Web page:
Shekhar Garde and his colleagues have extended their earlier work on the conformations of polymers at surfaces (S. N. Jamadagni et al., Langmuir 25, 13092; 2009 – paper here). They have previously shown (J. Phys. Chem. B 113, 4093; 2009) that hydrophobic polymers adsorb preferentially at the interface between water and a hydrophobic surface (or air), and that the polymers here have significantly different structure and dynamics to those in the bulk. The present study looks in more detail at what is going on there, considering surfaces with a range of chemistries from hydrophilic to hydrophobic. The ‘test polymers’ are hydrophobic 35-mers, and the surfaces are SAMs with different terminal groups. The preferential adsorption at hydrophobic surfaces seems to be due to changes in water dynamics: the water has greater density fluctuations here and lower free energy of cavity formation, making it more able to solvate hydrophobes. The polymers have greater translational diffusion and conformational flexibility, typically flattening into pancake-like shapes.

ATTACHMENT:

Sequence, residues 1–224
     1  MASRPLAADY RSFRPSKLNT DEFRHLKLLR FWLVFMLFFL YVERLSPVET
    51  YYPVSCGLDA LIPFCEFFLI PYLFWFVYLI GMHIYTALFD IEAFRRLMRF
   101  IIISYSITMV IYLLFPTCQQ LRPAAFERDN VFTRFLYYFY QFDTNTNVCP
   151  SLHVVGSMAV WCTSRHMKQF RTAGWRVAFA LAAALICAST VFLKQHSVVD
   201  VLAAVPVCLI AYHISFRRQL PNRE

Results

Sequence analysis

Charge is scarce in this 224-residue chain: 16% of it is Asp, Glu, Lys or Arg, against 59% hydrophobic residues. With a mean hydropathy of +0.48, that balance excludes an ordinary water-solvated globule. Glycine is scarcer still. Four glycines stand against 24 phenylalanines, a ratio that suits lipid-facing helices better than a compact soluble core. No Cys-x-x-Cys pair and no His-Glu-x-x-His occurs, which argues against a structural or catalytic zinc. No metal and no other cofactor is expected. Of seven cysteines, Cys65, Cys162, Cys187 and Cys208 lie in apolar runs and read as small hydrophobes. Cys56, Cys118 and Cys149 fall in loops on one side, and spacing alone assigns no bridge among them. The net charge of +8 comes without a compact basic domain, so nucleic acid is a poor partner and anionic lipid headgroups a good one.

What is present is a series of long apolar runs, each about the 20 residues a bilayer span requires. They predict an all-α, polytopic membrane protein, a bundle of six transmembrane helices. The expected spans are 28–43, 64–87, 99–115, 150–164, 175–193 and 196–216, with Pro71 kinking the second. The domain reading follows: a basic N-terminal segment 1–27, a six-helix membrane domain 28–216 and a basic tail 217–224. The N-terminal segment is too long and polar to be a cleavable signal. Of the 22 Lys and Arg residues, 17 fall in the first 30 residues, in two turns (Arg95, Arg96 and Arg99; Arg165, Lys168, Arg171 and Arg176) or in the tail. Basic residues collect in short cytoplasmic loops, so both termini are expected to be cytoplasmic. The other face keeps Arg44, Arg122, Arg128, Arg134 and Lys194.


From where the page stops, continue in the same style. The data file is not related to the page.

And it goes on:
I’ve been looking somewhat into the literature on nanobubbles, and it seems increasingly clear that it is very much in a state of flux and probably in need of some sort of snapshot review. How and when do nanobubbles form in the bulk and at surfaces? How long-lived are they, and how do they survive at all? There are many questions, and the answers so far are diverse. Detlef Lohse and his coworkers have a new contribution on the subject (B. M. Borkent et al., Langmuir 26, 260; 2009 – paper here). They try to clarify the shape of nanobubbles on hydrophobic surfaces (HOPG) using AFM, saying that they seem uniformly to have contact angles of about 119 degrees even for radii as small as 20 nm. It seems that some cantilevers can deposit material on the surfaces, making them rougher and altering the contact angle.